It was a strong week for European equity markets last week, despite an economic backdrop that doesn’t exactly inspire confidence, with the Eurostoxx 50 closing at a five-month high, while US markets managed to reverse all of their losses from the previous week, with the S&P 500 also closing at a five-month high.
The FTSE 100 also had a decent week, posting its first positive week in a month, pushing back towards its 200-day moving average (MA), helped by decent performances from the oil and gas, housebuilding and banking sector, all sectors exposed to the UK economy.
The positive vibe from last week appears to have carried over into Asia at the start of the new week, as optimism about a US, China trade deal once again returns to the fore, after reports in the South China Morning Post that further progress was being made towards some form of deal in the coming weeks. This is likely to translate into an accordingly positive open here in Europe this morning.
It would appear that in the wake of last week’s events at Westminster investors are starting to feed money back into UK equities in the hope that some form of soft Brexit will come about in the coming weeks, though that is by no means certain given last week’s political pantomime at Westminster, where Theresa May’s withdrawal agreement came a cropper for the second time.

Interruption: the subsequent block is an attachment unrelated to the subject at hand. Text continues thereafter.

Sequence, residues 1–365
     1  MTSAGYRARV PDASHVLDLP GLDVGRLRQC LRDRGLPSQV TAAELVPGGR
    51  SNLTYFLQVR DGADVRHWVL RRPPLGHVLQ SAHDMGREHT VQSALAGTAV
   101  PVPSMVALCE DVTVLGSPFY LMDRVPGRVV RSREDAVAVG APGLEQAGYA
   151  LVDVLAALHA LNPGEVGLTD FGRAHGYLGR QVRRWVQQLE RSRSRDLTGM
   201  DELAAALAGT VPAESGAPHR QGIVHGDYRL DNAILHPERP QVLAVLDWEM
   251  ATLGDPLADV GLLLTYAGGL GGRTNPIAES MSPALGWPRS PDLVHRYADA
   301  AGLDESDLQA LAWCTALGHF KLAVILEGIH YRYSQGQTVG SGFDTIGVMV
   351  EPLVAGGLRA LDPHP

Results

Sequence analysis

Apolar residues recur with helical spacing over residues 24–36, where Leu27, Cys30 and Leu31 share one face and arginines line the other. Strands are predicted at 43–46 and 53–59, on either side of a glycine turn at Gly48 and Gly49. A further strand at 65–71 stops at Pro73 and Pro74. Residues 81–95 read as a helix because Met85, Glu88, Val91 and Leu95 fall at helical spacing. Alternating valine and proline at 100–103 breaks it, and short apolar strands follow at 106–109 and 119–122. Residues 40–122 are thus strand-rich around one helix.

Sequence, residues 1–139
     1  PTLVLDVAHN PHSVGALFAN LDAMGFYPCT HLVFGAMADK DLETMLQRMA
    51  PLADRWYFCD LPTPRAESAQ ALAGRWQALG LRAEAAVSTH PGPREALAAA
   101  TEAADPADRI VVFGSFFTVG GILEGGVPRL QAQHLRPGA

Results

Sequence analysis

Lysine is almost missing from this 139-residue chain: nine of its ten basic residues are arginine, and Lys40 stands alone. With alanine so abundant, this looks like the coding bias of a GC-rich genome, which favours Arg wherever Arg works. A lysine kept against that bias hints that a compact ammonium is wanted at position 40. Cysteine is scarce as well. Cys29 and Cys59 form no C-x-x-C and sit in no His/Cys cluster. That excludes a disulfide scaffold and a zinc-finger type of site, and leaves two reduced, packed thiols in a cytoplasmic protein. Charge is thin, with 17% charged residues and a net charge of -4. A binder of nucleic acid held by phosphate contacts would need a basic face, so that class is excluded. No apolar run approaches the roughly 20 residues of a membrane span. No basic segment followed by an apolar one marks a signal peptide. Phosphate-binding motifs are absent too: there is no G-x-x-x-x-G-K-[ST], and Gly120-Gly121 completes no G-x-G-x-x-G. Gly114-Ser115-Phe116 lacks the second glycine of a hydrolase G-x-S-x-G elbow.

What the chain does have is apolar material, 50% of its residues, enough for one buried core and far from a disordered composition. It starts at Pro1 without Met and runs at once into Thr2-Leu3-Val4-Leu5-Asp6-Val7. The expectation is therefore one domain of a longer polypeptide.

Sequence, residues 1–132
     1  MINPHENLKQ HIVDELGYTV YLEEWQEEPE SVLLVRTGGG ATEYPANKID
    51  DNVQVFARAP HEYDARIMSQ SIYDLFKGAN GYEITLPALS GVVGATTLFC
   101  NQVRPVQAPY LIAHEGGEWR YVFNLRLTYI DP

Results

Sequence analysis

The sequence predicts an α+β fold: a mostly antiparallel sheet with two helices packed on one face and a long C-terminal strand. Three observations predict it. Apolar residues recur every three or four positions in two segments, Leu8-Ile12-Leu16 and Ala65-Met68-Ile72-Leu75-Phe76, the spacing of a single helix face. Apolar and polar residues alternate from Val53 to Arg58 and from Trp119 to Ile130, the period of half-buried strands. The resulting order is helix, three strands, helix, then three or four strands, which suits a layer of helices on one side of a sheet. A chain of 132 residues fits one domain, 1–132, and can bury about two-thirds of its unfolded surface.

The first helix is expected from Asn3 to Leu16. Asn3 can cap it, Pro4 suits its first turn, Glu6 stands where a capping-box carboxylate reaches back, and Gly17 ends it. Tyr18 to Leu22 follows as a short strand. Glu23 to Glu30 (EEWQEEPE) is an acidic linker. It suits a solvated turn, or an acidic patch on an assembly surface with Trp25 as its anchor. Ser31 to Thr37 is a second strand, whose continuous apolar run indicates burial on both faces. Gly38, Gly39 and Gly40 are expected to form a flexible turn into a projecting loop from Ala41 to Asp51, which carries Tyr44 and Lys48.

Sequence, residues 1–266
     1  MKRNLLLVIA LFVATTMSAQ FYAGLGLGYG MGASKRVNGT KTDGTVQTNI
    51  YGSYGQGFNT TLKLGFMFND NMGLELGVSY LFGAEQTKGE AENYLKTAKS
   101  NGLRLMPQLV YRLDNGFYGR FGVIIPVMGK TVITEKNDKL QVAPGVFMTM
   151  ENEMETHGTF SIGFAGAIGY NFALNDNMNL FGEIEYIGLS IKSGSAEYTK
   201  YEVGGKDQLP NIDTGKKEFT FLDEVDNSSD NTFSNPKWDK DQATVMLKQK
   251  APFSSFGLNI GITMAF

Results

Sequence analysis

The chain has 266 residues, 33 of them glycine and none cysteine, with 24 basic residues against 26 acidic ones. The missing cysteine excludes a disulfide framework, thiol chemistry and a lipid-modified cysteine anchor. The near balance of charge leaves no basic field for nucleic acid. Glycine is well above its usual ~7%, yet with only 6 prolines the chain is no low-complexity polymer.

The Westminster pantomime looks set to continue this week, as expectations rise that the prime minister will try for a third time to get her deal passed, ahead of the EU Council meeting at the end of the week, when it is expected Mrs May will ask for an extension to article 50, with the only question being as to how long any extension is likely to be. These expectations of a third vote appear to have been tempered slightly by comments at the weekend by chancellor of the exchequer Philip Hammond, who suggested that any third attempt to push the bill through the Commons may well be delayed if there is a feeling that it might not get the necessary support from MPs.
This still seems a probable outcome given that it fell short by 149 votes last week, and several Conservative party MPs remain implacably opposed to it, which means that unless Mrs May gets the Democratic Unionists on board, any attempt to pass the deal looks doomed.